Friday 23 April 2004
Autophagy is a cellular degradation pathway for the clearance of damaged or superfluous proteins and organelles. The recycling of these intracellular constituents also serves as an alternative energy source during periods of metabolic stress to maintain homeostasis and viability.
To survive extreme environmental conditions, and in response to certain developmental and pathological situations, eukaryotic organisms employ the catabolic process of autophagy.
This degradative pathway allows cells to eliminate large portions of the cytoplasm, from aberrant protein aggregates to superfluous or damaged organelles and even entire organisms such as invading bacteria.
Structures targeted for destruction are sequestered into large double-membrane vesicles called autophagosomes and then delivered into the interior of the lysosome or vacuole, where they are consumed by resident hydrolases.
Autophagosome formation during selective autophagy is dependent upon the cargoes, and in all cases seems to involve expansion of the sequestering membrane.
Autophagy refers to lysosomal digestion of the cell’s own components. In this process, intracellular organelles and portions of cytosol are first sequestered from the cytoplasm in an autophagic vacuole formed from ribosome-free regions of the rough endoplasmic reticulum.
The vacuole fuses with lysosomes or Golgi elements to form an autophagolysosome (autophagosome). Autophagy is a common phenomenon involved in the removal of damaged organelles during cell injury and the cellular remodeling of differentiation, and it is particularly pronounced in cells undergoing atrophy induced by nutrient deprivation or hormonal involution.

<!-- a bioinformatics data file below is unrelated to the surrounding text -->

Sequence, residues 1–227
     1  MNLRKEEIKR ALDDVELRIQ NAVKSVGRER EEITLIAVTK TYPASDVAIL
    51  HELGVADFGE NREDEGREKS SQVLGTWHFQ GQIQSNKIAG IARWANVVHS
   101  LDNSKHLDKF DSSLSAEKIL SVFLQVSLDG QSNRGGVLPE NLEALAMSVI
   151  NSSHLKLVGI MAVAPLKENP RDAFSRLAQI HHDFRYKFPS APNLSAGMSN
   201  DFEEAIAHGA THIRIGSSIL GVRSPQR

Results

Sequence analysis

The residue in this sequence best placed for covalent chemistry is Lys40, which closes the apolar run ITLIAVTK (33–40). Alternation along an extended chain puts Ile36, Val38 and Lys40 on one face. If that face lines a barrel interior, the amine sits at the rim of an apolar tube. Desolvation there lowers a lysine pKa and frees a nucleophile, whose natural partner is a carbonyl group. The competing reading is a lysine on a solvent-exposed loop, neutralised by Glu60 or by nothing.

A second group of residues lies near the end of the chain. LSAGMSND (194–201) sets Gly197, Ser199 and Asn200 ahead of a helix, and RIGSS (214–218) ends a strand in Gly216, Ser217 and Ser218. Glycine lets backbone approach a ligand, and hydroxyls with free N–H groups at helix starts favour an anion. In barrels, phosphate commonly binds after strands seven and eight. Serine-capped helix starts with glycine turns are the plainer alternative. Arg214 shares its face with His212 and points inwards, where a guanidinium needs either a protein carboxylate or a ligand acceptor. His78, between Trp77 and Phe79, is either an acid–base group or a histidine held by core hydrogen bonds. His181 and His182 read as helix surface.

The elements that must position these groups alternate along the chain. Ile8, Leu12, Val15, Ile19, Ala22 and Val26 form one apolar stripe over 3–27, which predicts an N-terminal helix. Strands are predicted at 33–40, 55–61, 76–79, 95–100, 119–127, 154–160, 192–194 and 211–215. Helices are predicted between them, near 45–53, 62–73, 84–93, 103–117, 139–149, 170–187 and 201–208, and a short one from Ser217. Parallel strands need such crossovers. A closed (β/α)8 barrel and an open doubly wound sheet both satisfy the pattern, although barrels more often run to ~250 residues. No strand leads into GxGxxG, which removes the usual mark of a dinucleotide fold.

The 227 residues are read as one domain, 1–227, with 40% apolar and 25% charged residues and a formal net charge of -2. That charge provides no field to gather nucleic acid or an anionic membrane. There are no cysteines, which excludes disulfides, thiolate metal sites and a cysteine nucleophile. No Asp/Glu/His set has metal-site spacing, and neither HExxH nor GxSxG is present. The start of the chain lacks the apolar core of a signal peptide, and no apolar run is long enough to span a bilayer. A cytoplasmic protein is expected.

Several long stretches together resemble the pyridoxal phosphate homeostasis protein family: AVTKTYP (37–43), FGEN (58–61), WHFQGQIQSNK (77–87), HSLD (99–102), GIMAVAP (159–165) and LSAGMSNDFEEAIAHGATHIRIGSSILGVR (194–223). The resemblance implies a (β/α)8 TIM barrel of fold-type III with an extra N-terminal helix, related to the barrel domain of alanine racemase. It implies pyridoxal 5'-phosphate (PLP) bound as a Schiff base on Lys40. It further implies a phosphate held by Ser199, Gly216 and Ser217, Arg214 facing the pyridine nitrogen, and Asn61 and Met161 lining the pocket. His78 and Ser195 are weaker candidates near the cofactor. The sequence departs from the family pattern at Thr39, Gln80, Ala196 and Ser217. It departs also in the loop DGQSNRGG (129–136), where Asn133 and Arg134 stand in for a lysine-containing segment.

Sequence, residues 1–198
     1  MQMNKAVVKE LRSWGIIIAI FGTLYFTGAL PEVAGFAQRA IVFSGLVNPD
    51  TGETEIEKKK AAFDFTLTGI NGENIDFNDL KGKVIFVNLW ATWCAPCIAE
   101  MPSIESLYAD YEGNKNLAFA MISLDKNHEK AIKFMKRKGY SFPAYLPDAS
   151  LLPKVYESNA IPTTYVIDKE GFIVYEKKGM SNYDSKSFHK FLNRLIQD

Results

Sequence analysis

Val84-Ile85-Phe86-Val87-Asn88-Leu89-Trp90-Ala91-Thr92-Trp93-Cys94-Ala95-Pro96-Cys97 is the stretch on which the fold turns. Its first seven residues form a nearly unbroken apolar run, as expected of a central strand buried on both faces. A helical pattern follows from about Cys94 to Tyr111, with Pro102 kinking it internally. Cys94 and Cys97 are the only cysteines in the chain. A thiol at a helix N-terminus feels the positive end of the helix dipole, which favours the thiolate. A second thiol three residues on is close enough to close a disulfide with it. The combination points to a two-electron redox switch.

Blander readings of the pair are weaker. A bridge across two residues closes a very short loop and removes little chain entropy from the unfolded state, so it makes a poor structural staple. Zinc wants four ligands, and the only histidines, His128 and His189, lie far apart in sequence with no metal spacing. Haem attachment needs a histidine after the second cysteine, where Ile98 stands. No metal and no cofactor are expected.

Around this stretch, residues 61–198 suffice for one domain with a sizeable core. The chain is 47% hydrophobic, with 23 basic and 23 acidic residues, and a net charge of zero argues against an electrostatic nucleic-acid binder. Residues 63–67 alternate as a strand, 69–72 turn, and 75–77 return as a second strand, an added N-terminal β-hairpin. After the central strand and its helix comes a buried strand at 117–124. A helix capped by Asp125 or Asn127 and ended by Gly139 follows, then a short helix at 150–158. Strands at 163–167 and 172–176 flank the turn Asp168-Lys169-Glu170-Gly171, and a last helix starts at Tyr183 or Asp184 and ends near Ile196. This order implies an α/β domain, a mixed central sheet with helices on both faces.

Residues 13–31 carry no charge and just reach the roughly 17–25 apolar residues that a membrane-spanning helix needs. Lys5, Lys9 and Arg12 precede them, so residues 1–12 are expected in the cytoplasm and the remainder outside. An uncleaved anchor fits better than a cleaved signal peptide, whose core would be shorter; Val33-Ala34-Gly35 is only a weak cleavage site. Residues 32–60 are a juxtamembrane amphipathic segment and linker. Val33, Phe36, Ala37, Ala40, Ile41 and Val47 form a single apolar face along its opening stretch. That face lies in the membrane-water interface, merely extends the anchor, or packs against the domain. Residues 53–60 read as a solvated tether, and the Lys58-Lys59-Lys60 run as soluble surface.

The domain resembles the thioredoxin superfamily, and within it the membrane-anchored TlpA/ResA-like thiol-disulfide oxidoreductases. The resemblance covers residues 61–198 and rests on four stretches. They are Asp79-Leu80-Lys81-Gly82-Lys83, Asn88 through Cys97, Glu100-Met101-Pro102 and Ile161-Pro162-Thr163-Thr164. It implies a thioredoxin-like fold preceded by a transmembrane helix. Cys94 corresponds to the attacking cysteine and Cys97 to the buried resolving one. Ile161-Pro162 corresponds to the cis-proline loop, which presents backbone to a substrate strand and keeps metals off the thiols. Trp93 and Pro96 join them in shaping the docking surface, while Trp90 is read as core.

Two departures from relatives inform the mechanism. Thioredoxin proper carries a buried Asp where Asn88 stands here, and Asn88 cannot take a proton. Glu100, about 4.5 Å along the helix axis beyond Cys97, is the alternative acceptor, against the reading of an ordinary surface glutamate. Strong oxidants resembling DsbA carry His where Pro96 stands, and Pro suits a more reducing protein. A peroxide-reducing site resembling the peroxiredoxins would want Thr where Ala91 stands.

The autophagic vacuoles are membrane-bound vacuoles within the cell that contain fragments of cell components (e.g., mitochondria, endoplasmic reticulum) that are destined for destruction and into which the lysosomes discharge their hydrolytic contents. The cellular components are then digested.
Some of the cell debris within the autophagic vacuole may resist digestion and persist as membrane-bound residual bodies that may remain in the cytoplasm. An example of such residual bodies is the lipofuscin granules (lipofuscin deposits). When present in sufficient amounts, they impart a brown discoloration to the tissue (brown atrophy).
Autophagy and apoptosis
The functional relationship between apoptosis (’self-killing’) and autophagy (’self-eating’) is complex in the sense that, under certain circumstances, autophagy constitutes a stress adaptation that avoids cell death (and suppresses apoptosis), whereas in other cellular settings, it constitutes an alternative cell-death pathway.
Autophagy and apoptosis may be triggered by common upstream signals, and sometimes this results in combined autophagy and apoptosis; in other instances, the cell switches between the two responses in a mutually exclusive manner.
On a molecular level, this means that the apoptotic and autophagic response machineries share common pathways that either link or polarize the cellular responses.
Canonical and non-canonical autophagy
The autophagosome is the central organelle in macroautophagy, a vacuolar lysosomal catabolic pathway that degrades cytoplasmic material to fuel starving cells and eliminates intracellular pathogens.
Macroautophagy has important physiological roles during development, ageing and the immune response, and its cytoprotective function is compromised in various diseases.
A set of autophagy-related (ATG) proteins is hierarchically recruited to the phagophore, the initial membrane template in the construction of the autophagosome.
Macroautophagy can also occur in the absence of some of these key autophagy proteins, through the unconventional biogenesis of canonical autophagosomes.
autophagy in cancer
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